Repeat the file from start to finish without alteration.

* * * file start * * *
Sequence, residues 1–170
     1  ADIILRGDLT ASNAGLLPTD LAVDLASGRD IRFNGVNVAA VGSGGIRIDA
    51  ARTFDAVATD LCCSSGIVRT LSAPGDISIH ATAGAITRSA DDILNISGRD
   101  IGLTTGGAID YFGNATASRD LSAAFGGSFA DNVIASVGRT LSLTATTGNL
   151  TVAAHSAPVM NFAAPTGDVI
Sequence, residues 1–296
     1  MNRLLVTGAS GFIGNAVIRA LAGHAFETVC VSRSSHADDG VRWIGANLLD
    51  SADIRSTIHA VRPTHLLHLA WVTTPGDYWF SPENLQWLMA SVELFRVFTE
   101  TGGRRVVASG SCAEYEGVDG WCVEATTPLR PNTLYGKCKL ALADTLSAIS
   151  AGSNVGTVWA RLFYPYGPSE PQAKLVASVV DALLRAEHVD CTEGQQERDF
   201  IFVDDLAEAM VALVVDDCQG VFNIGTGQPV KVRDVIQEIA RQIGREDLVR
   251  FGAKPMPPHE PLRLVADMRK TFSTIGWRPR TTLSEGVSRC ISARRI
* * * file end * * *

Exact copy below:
Sequence, residues 1–170
     1  ADIILRGDLT ASNAGLLPTD LAVDLASGRD IRFNGVNVAA VGSGGIRIDA
    51  ARTFDAVATD LCCSSGIVRT LSAPGDISIH ATAGAITRSA DDILNISGRD
   101  IGLTTGGAID YFGNATASRD LSAAFGGSFA DNVIASVGRT LSLTATTGNL
   151  TVAAHSAPVM NFAAPTGDVI
Sequence, residues 1–296
     1  MNRLLVTGAS GFIGNAVIRA LAGHAFETVC VSRSSHADDG VRWIGANLLD
    51  SADIRSTIHA VRPTHLLHLA WVTTPGDYWF SPENLQWLMA SVELFRVFTE
   101  TGGRRVVASG SCAEYEGVDG WCVEATTPLR PNTLYGKCKL ALADTLSAIS
   151  AGSNVGTVWA RLFYPYGPSE PQAKLVASVV DALLRAEHVD CTEGQQERDF
   201  IFVDDLAEAM VALVVDDCQG VFNIGTGQPV KVRDVIQEIA RQIGREDLVR
   251  FGAKPMPPHE PLRLVADMRK TFSTIGWRPR TTLSEGVSRC ISARRI